Quantal Fluctuations in Central Mammalian Synapses: Functional Role of Vesicular Docking Sites

Physiol Rev. 2017 Oct 1;97(4):1403-1430. doi: 10.1152/physrev.00032.2016.


Quantal fluctuations are an integral part of synaptic signaling. At the frog neuromuscular junction, Bernard Katz proposed that quantal fluctuations originate at "reactive sites" where specific structures of the presynaptic membrane interact with synaptic vesicles. However, the physical nature of reactive sites has remained unclear, both at the frog neuromuscular junction and at central synapses. Many central synapses, called simple synapses, are small structures containing a single presynaptic active zone and a single postsynaptic density of receptors. Several lines of evidence indicate that simple synapses may release several synaptic vesicles in response to a single action potential. However, in some synapses at least, each release event activates a significant fraction of the postsynaptic receptors, giving rise to a sublinear relation between vesicular release and postsynaptic current. Partial receptor saturation as well as synaptic jitter gives to simple synapse signaling the appearance of a binary process. Recent investigations of simple synapses indicate that the number of released vesicles follows binomial statistics, with a maximum reflecting the number of docking sites present in the active zone. These results suggest that at central synapses, vesicular docking sites represent the reactive sites proposed by Katz. The macromolecular architecture and molecular composition of docking sites are presently investigated with novel combinations of techniques. It is proposed that variations in docking site numbers are central in defining intersynaptic variability and that docking site occupancy is a key parameter regulating short-term synaptic plasticity.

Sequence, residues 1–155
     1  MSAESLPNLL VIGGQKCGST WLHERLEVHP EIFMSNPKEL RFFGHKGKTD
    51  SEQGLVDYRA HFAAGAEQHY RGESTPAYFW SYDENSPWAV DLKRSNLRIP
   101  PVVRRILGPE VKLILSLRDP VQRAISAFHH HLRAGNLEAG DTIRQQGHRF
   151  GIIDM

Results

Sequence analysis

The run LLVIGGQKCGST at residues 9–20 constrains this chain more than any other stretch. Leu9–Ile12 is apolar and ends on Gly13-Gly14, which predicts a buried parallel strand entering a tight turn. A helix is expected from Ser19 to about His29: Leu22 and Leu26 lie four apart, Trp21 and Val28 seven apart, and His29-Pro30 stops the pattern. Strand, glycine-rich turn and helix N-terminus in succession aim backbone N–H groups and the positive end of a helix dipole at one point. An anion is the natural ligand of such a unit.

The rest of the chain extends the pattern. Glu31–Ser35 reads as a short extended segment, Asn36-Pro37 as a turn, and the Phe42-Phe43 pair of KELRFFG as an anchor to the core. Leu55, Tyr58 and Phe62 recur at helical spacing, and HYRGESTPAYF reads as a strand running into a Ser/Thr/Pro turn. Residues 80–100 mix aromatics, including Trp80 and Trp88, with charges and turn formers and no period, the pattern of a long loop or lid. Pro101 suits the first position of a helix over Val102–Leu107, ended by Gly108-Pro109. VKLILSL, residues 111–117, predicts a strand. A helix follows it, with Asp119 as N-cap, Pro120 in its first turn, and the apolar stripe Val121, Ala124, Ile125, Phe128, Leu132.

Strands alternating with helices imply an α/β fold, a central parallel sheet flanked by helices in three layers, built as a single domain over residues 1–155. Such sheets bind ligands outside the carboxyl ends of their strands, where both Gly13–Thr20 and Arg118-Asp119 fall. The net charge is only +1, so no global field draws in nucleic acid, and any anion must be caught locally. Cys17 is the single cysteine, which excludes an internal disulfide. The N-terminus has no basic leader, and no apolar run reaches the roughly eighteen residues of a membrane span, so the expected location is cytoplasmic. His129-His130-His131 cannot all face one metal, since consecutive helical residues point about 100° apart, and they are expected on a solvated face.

Publication types

  • Review
  • Research Support, Non-U.S. Gov't

MeSH terms

  • Animals
  • Humans
  • Neuromuscular Junction / physiology
  • Synaptic Transmission*
  • Synaptic Vesicles / physiology*